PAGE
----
It was stunning news. Hacktivist group Anonymous had revealed the names of a number of individuals that were alleged to be in the KKK. On the list were four Republican senators and a handful of mayors. The Internet predictably went crazy, as multiple news outlets ran with the story and it was shared to the far corners of the electronic world.
It was a magical time, except for one ugly fact: As my Reverb Press colleague Marc Belisle expertly reported, the list of individuals released by Anonymous was kind of, sort of wrong. And, as it turns out, it wasn’t really Anonymous doing the leaking, simply a Twitter handle – Amped Attacks – who was only loosely associated with Anonymous. Operation KKK, the Anonymous Twitter account that had been the main channel for data releases, swiftly distanced itself from the list.
This account has NOT YET released any information. We believe in due diligence and will NOT recklessly involve innocent individuals #OpKKK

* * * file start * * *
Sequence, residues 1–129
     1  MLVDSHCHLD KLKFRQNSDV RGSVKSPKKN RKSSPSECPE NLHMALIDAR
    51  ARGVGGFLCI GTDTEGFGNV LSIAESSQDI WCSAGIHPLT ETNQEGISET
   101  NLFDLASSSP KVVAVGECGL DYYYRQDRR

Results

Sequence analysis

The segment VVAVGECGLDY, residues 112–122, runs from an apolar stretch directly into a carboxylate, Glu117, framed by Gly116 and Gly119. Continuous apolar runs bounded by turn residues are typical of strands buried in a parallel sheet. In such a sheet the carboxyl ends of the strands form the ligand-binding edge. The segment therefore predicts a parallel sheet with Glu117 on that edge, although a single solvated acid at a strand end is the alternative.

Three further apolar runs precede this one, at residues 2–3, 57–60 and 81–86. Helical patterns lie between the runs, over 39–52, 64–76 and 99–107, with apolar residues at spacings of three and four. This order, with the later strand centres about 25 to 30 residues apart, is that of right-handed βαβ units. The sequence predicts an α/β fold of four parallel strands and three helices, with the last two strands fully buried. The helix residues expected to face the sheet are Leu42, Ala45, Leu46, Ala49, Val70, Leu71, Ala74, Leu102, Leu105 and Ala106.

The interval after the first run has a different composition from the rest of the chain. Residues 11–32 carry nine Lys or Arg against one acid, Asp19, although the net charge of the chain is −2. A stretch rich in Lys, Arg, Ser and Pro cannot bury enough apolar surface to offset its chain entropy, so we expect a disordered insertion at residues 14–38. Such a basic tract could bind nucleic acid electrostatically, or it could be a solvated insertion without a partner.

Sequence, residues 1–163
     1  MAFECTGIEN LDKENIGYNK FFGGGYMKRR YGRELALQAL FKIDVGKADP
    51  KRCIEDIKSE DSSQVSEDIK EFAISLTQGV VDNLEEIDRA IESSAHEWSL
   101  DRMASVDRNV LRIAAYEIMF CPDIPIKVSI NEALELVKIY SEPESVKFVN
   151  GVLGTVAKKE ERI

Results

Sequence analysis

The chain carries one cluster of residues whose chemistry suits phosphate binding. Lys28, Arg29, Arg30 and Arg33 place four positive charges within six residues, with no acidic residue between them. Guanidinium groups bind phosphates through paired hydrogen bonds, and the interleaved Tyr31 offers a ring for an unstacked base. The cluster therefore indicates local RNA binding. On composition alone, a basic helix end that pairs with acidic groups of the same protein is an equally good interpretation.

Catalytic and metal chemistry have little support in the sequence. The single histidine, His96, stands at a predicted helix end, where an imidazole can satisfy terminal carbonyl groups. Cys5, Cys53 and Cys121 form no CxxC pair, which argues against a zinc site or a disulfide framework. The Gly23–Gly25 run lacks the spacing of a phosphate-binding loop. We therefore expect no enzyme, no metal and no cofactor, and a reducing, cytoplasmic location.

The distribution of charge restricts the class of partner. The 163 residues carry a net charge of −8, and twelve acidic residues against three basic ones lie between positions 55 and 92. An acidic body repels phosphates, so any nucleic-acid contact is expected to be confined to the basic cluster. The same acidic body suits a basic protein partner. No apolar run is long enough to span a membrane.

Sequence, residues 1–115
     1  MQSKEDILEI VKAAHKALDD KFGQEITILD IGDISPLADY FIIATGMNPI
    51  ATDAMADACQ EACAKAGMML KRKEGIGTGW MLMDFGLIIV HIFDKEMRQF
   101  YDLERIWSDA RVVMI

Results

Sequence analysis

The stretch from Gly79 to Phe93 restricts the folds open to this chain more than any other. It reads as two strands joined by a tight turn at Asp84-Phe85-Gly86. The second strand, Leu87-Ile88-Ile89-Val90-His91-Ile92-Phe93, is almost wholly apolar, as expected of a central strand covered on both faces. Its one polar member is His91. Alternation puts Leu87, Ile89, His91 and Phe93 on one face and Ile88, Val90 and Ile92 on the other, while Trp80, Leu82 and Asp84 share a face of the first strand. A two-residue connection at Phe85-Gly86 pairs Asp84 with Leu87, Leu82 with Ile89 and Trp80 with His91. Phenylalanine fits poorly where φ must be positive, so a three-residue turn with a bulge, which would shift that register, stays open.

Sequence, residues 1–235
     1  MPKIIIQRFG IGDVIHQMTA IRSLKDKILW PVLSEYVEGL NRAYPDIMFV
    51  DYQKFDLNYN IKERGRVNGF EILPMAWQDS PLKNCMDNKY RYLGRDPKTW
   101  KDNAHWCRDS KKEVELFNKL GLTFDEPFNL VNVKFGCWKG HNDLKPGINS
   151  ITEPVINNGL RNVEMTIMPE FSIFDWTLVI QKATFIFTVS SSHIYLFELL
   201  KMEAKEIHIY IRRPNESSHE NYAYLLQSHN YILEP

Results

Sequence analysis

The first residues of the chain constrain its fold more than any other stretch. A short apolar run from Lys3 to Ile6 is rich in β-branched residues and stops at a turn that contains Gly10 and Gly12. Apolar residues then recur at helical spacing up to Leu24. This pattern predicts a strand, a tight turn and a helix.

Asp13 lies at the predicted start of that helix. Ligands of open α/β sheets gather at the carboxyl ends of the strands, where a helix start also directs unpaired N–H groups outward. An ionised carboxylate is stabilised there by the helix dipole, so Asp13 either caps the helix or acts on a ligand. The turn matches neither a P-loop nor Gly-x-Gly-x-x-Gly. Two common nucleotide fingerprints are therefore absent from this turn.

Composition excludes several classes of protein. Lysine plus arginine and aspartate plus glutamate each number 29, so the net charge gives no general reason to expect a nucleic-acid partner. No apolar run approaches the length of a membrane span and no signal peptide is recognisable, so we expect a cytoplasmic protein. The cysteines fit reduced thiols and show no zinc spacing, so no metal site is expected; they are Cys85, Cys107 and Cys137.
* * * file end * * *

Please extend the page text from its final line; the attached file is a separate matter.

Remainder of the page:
— Operation KKK (@Operation_KKK) November 2, 2015
But even after this revelation, even after the leaked list of names had come under intense questioning, the story wouldn’t die. As I sit here writing, Salon.com’s article on the incident is still headlined “HoodsOff 2015″ in full effect as Anonymous publishes the names of KKK members — including four sitting US senators, while the caveat about the suspect nature of the leak, sits at the bottom of the article, where it is easily missed. Other media outlets have edited their articles to reflect the uncertainty surrounding the leak. USA Today, which had been the biggest outlet to fall for the story, is now focusing on the denials that have come from virtually everyone on the leaked list. The damage, such as it is, is already done. Memes with the faces of the four Republican senators alleged to have KKK ties were launched into the Facebook news feed. Articles that covered the uncertainty surrounding the list, were met with skepticism and cries of conspiracy. 24 hours later, the truth may be out there, but good luck finding it.